Farrel fears that New Haven's municipal experiment could spawn a network of similar initiatives nationwide. "This issue is so much bigger than New Haven," he said. "As we speak, there are over 30 American cities awaiting the outcome of this program, in order to implement their own versions of it. The so-called municipal ID is actually a pilot program designed to get similar legislation passed all across the country," he said. According to Wishnie and DeStefano, many city officials are indeed "watching" New Haven's experiment closely, but they didn’t give a precise figure. Lugo said that his organization was aware of similar initiatives on the horizon in Tucson, Miami, San Francisco, and Portland, Ore.
Although SCCIR has threatened legal action, it is unlikely that the organization would be able to demonstrate standing since it is based in a suburb of New Haven. Brennan, the former Yale law student who helped draft the ID card proposal, said that unless a charge is filed by an entity within the city, "It would be difficult to prove that any harm has been done." And according to Mayor DeStefano, "the program has broad support in New Haven. Most of the people who oppose it are not members of the community." Regardless of opposition to the program, DeStefano said he has consulted with legal advisors -- including Michael Wishnie -- to ensure that that "issuing an ID card is fully within the municipal authority of New Haven's government."
Although any legal action that Farrel threatens is likely to be thwarted, his prediction that New Haven's municipal ID will be adopted by other cities may very well pan out. New York City Council Member Hiram Monserrate introduced nearly identical legislation last Wednesday, citing the Elm City ID as the inspiration for his proposal. A New York-born former city policy officer, Monserrate made history in 2001 when he became the first the first Latino elected to public office in Queens, one of the city's most diverse boroughs. Monserrate's legislative director, Wayne Mahlike, said in a phone interview that the proposal was already backed by 15 out of 51 council members, in addition to over 40 community organizations.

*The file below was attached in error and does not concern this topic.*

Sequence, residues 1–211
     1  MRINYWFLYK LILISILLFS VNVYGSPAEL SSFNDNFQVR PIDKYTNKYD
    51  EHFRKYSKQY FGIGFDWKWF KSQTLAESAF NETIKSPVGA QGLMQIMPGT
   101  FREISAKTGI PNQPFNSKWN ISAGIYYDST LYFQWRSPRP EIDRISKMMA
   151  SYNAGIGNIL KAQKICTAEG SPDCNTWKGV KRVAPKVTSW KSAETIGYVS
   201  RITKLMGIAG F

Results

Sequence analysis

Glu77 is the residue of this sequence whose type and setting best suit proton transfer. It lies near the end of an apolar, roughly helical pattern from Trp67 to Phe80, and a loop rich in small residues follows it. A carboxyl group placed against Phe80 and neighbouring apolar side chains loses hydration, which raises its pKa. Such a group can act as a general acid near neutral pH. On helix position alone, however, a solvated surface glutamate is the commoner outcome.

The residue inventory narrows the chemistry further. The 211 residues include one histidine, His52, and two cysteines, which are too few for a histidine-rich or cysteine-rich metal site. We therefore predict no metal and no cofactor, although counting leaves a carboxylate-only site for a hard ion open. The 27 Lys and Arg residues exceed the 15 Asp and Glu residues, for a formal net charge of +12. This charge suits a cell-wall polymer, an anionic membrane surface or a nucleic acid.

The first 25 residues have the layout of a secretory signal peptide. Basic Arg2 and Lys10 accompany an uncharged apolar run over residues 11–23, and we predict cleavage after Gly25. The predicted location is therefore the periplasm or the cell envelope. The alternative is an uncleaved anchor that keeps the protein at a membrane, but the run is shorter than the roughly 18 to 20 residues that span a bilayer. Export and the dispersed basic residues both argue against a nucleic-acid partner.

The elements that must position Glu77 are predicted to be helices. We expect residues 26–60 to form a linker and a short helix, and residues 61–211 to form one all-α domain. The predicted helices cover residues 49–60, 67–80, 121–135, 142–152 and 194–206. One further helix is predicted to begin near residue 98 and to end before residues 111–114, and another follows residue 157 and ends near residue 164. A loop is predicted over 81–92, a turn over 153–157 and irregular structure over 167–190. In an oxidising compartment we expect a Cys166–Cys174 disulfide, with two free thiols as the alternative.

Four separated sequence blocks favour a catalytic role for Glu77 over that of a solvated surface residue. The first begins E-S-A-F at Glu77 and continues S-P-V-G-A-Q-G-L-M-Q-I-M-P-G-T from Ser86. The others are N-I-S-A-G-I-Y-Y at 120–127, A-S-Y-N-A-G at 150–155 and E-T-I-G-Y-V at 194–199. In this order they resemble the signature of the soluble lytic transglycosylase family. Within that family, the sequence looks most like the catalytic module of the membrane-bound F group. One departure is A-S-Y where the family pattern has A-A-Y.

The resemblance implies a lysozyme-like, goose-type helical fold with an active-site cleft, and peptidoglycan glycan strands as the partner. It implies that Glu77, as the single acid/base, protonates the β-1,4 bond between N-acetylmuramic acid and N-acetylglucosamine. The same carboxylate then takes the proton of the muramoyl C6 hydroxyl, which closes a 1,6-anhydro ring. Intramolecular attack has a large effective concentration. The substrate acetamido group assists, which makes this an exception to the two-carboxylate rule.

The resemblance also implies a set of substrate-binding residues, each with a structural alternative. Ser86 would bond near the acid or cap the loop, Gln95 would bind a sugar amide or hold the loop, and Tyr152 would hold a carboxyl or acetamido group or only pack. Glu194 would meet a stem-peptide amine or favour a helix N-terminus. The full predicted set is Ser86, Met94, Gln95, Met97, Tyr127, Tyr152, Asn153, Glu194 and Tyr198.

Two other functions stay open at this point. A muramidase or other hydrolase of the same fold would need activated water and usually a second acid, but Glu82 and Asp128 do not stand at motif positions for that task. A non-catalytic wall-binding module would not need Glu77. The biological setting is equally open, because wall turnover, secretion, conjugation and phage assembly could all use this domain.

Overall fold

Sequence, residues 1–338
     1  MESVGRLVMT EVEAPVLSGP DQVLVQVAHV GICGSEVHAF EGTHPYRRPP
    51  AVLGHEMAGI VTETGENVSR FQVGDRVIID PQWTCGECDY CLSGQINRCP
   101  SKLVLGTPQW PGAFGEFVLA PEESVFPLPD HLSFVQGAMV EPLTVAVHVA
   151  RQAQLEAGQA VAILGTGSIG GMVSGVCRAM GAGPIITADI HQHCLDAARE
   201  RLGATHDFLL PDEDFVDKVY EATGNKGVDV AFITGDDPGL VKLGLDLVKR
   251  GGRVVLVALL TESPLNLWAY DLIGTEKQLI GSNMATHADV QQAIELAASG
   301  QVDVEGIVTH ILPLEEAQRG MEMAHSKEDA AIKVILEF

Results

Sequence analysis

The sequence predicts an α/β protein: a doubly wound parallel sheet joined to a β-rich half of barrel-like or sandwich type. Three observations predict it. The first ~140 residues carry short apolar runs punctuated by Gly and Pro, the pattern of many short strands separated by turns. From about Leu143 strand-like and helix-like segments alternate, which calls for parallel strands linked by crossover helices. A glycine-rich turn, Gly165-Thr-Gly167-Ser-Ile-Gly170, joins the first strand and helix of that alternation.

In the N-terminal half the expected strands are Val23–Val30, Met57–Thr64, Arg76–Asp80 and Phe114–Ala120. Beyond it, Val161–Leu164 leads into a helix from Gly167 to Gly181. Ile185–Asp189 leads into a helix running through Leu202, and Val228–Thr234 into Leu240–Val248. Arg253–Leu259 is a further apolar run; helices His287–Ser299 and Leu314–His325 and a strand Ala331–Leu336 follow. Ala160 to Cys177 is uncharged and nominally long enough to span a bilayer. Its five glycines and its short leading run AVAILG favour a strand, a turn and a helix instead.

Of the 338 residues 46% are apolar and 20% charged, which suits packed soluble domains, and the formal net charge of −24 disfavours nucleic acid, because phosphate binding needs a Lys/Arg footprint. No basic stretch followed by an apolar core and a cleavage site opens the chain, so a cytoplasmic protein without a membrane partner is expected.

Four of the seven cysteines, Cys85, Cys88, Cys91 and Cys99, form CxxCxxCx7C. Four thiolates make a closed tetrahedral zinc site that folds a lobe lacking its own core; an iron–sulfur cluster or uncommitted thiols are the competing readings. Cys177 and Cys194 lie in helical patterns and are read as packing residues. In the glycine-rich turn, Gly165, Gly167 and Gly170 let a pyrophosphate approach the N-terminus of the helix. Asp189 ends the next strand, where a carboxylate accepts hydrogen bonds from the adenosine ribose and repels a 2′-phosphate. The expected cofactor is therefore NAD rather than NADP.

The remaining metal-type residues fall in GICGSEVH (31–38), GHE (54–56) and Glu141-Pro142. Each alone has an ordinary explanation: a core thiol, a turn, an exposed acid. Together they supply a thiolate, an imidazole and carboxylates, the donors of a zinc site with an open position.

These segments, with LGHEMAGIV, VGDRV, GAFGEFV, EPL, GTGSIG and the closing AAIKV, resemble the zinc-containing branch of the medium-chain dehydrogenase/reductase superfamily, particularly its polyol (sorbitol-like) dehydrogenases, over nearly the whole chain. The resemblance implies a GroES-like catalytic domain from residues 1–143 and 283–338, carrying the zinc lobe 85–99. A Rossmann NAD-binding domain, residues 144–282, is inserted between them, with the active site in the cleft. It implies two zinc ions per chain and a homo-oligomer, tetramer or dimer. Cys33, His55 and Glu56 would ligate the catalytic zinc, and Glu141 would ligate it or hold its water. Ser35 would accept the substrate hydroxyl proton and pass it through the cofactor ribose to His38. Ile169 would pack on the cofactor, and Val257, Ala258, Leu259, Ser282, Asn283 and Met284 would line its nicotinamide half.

DeStefano pointed out that public fascination with New Haven's program has been amplified by "the absence of a coherent federal policy." "By failing to act, the government has created a policy of de facto tolerance for a population that isn't going to do anything but grow -- in this city and in the United States as a whole." The fact that city officials like DeStefano are resorting to do-it-yourself reform only highlights the urgency of establishing a national immigration policy -- one that actually acknowledges the presence of 12 million people who don't plan on leaving anytime soon. "The fact is that our economy could not sustain the loss of millions of workers, and it's unlikely that there is a real mechanism to deport 12 million people," DeStefano said.
Until such a federal policy exists, the Elm City ID will continue to capture the attention of local leaders in other diverse, urban communities across the country. "The failure of Congress to adopt comprehensive reform only makes more important efforts at state and local levels to adapt municipal and state policies to the needs of all residents," Wishnie said, acknowledging that his team has been contacted by numerous public officials and grassroots organizations which are assessing the feasibility of implementing similar programs in their own communities.
But the municipal ID is only a short-term solution for a problem that demands "a federal fix," Wishnie said. He believes that local debate in cities like New Haven could eventually generate enough pressure to bring federal lawmakers back to the table. "The friction that we're seeing here in Connecticut is what will drive people back to their senators to demand comprehensive reform," Wishnie said. "Until that happens, communities will continue to govern themselves."